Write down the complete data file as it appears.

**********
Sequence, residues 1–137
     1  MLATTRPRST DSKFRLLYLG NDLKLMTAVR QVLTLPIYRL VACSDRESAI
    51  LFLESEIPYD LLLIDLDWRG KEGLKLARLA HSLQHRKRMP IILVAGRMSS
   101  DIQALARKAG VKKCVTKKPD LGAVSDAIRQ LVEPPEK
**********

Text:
Sequence, residues 1–137
     1  MLATTRPRST DSKFRLLYLG NDLKLMTAVR QVLTLPIYRL VACSDRESAI
    51  LFLESEIPYD LLLIDLDWRG KEGLKLARLA HSLQHRKRMP IILVAGRMSS
   101  DIQALARKAG VKKCVTKKPD LGAVSDAIRQ LVEPPEK